Still, the doctors must focus on treating physical ailments. And though everyone Gorbien and his colleague Lauren Kessler, a social worker, treated appeared incredibly resilient, never complaining about their situation, their bodies relayed the telltale signs of depression. “There were sleep issues and insomnia,” says Kessler. “People described this all-over pain, which could be a reaction to the trauma of it all. It’ll be really difficult to evaluate and treat the emotional needs of this population.”
But psychological issues fall to the bottom of the long list of immediate needs.
A struggle to help
Helping older Haitian’s satisfy their basic needs is an uphill battle. HelpAge’s role at Asile Communal—and other nursing homes throughout the quake zone—is to manage day-to-day operations. The homes are still government-run, and HelpAge can only suggest improvements to care, a major complication to an already challenging situation. The organization has made numerous recommendations to improve the well-being of elders, but HelpAge CEO Richard Blewitt says it’s a struggle to get them implemented.
Although the local government has turned down HelpAge’s request to move more residents to other nursing homes, it has allowed the organization to begin reconstruction work at the Asile soon. In the meantime, Blewitt’s team continues to focus its efforts on providing medical care, food, water and shelter to displaced older adults at risk of chronic illness, spending more than $40,000 a month in the process.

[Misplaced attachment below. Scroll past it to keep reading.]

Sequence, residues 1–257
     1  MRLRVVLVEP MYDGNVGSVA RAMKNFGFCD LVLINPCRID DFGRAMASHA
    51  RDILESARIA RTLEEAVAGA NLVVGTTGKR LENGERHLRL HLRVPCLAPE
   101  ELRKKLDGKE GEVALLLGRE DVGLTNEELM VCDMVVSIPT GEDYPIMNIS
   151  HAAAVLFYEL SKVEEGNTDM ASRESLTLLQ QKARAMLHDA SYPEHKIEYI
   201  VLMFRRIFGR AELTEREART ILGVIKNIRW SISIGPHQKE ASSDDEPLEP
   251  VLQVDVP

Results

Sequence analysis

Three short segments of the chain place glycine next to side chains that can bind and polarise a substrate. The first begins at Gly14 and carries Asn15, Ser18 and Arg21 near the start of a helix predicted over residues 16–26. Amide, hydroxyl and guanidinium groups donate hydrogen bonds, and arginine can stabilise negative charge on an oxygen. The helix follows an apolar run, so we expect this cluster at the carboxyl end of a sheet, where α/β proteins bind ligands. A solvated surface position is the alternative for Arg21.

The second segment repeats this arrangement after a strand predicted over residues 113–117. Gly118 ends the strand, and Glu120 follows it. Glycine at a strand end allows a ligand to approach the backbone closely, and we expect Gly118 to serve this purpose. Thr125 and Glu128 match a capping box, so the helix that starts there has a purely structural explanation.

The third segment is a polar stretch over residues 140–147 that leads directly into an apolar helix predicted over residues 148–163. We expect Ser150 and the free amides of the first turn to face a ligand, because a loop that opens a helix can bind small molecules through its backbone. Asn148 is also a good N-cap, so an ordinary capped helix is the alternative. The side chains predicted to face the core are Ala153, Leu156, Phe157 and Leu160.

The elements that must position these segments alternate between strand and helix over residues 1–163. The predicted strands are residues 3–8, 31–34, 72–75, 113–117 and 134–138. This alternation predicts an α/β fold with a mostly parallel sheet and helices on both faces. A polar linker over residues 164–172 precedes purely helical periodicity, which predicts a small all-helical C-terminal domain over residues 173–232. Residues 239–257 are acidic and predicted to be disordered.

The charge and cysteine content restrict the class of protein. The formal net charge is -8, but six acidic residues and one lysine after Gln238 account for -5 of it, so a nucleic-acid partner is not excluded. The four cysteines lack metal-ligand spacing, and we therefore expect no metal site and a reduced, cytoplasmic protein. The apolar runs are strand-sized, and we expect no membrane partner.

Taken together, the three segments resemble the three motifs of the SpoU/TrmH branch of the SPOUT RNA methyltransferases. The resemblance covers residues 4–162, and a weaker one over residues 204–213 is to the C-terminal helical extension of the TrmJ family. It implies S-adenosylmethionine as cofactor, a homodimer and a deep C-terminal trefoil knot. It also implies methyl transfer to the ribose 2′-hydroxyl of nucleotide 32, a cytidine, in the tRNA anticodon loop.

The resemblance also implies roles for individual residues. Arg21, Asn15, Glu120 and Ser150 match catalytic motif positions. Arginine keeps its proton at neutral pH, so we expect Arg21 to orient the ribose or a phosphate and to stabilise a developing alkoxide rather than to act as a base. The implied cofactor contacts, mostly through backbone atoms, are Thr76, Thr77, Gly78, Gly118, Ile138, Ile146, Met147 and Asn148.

Safety also remains a daily concern. The spontaneous camps that sprung up around Asile Communal bring with them the constant threat of violence. HelpAge workers carting supplies are potential targets for thieves and gangs; they’ve hired security staff on the premises at all times. Leaving food and medicine with elders makes them equally vulnerable to theft and attacks. A fence to thwart displaced people who don’t belong will soon surround those lucky enough to have a tent in the instant village.
In the meantime, older adults are languishing. Losing the comforts of home, income and family are hard enough when you’re young. But youth breeds energy and faith that tomorrow can be a better day. As elders enter the twilight of their years, being optimistic about the future can be exceedingly difficult.
As he traveled through the quake region and met so many patients with dementia, Gorbien couldn’t help but be reminded of a bit of history he learned in medical school. “Theologians once thought that dementia was a gift from God, so people would not have to see evils of the world,” Gorbien says. “And my God, to see your country destroyed, and to be in a situation where one can argue there is truly no hope—if there’s one situation where we perhaps can turn dementia into something positive this is it.”
Cynthia Ramnarace writes about health and families from Rockaway Beach, N.Y.